Twenty years ago, Legs McNeil and Gillian McCain published Please Kill Me: The Uncensored Oral History of Punk, a scabby inside-look at the wildly fun, incredibly seedy and at times terrifying underbelly of the 1970s New York City punk scene.
"CBGB in 70's" on You Tube - Live shots of Blondie, The Dead Boys, and The Ramones are featured in this late 70's CBGB's documentary. Even though the commentator has a strange, infomercial voice and the speed is slightly off, the rare footage is intriguing enough to keep watching. The very articulate Ramones manager, Danny Fields describes them as "a great machine that went on time."-Amy Haben
Interview By Amy Haben - Funny thing is, when I was a teenager, I used to rip out these great color photos of The Sex Pistols from a large photo book in-between the shelves of the library and take them home to hang on my wall. Twenty years later, I'm sitting down with the creator of those shots. Bob is seriously one of the coolest guys I know.
By Legs McNeil -
“Really Arturo, ABBA?” I shake my head in disbelief, as I enter the
loft where the Swedish rock band is blaring from the record player next to the table that holds the entire Ramones silk screen operation—one long counter equipped with a wooden silk screen, cans of white acrylic paint, and stacks of black T-shirts. Arturo is busy making another pass with the squeegee over the latest model of the new Ramones logo, the one with the names of Johnny, Joey, Dee Dee, and Tommy encircling an American Eagle that’s clutching a baseball bat in one talon and an apple tree branch in the other. It will become their most famous design ever.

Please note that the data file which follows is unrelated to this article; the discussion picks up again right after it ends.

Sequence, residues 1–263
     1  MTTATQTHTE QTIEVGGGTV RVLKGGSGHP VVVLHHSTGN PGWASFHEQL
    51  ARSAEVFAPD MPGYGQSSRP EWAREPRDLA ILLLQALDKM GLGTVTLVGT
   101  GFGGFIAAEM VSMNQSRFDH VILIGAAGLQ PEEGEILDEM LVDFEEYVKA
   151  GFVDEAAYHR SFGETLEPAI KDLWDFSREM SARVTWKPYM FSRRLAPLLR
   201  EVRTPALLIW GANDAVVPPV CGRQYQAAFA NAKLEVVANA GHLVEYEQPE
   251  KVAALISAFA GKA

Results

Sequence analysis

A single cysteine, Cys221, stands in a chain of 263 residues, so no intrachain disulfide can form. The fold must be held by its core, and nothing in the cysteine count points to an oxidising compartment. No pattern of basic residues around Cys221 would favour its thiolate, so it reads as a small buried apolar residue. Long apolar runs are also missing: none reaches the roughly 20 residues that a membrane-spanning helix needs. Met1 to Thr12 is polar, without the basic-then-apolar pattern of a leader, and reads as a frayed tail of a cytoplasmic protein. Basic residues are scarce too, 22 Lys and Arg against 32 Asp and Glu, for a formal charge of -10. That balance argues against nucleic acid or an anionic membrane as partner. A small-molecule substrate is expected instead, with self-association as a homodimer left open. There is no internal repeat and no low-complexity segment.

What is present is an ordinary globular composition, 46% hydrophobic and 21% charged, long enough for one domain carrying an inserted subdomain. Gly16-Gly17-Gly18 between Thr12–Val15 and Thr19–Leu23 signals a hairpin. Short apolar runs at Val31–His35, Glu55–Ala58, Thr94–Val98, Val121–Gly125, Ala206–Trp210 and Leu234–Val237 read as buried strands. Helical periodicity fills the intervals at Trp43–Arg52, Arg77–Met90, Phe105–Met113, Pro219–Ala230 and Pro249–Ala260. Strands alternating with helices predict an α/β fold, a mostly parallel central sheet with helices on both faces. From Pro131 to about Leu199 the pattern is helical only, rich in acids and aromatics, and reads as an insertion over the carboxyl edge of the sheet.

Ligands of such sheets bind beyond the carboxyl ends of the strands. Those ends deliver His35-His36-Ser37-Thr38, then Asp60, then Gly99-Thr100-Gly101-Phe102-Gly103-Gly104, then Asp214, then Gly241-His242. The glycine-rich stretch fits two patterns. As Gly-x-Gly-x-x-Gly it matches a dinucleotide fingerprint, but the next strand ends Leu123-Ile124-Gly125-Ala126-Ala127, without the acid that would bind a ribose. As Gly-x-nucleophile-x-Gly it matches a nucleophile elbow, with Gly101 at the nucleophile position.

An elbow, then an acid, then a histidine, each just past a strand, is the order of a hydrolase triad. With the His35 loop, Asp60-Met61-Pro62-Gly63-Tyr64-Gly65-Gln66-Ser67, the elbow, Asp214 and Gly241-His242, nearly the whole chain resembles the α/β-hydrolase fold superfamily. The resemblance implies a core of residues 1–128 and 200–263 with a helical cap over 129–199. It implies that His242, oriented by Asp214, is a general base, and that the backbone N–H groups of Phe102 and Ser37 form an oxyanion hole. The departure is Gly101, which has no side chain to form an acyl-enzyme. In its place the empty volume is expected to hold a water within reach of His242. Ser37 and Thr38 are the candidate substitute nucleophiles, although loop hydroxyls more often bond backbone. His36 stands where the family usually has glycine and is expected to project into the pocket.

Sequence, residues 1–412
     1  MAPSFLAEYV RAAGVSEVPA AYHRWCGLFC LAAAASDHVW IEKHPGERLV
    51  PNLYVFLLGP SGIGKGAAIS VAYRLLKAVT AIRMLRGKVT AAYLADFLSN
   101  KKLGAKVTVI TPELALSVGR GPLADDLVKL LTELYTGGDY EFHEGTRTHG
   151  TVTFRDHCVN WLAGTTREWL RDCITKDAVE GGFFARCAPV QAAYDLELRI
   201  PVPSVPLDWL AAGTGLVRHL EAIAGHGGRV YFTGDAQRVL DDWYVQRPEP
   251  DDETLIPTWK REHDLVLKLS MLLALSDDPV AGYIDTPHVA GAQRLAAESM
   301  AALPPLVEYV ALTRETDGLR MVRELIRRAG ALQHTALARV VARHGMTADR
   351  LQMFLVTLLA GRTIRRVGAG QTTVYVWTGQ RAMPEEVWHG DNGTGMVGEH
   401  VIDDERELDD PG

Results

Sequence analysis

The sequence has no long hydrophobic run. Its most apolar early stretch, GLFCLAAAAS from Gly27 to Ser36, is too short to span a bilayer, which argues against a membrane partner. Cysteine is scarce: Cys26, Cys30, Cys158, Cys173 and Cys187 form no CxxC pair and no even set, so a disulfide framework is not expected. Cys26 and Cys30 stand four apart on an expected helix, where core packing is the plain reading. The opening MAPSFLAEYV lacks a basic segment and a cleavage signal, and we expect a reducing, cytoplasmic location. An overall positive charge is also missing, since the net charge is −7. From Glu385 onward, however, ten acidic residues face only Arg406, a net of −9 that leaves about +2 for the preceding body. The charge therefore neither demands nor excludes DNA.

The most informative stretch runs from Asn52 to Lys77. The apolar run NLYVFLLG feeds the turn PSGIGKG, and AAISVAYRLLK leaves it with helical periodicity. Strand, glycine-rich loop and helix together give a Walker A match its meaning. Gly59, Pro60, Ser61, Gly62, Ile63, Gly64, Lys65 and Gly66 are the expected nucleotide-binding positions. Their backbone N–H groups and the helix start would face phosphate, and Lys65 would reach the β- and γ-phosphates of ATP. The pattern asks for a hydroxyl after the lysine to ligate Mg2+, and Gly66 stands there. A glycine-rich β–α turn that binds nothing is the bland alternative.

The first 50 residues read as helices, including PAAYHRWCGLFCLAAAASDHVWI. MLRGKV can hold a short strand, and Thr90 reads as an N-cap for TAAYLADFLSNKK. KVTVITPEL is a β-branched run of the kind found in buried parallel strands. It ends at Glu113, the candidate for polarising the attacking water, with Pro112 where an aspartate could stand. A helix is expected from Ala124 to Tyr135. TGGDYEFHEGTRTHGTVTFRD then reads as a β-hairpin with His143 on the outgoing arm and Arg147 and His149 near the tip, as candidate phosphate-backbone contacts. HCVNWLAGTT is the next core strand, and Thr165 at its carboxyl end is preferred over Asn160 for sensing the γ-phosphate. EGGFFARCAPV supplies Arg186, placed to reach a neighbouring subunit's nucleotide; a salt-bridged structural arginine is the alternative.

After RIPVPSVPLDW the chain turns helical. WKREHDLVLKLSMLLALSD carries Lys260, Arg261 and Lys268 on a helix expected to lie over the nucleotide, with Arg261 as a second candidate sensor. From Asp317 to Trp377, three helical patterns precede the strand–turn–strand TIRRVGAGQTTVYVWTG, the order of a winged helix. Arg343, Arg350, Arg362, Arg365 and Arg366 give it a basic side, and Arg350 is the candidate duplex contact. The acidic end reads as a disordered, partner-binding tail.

The Ramones drop in on our favorite red-head of comics, Archie! The punk rock issue portrays the Riverdale high school student recruiting Betty and Veronica-- who he still has a love-triangle with-- to play in his band, appropriately named … The Archies!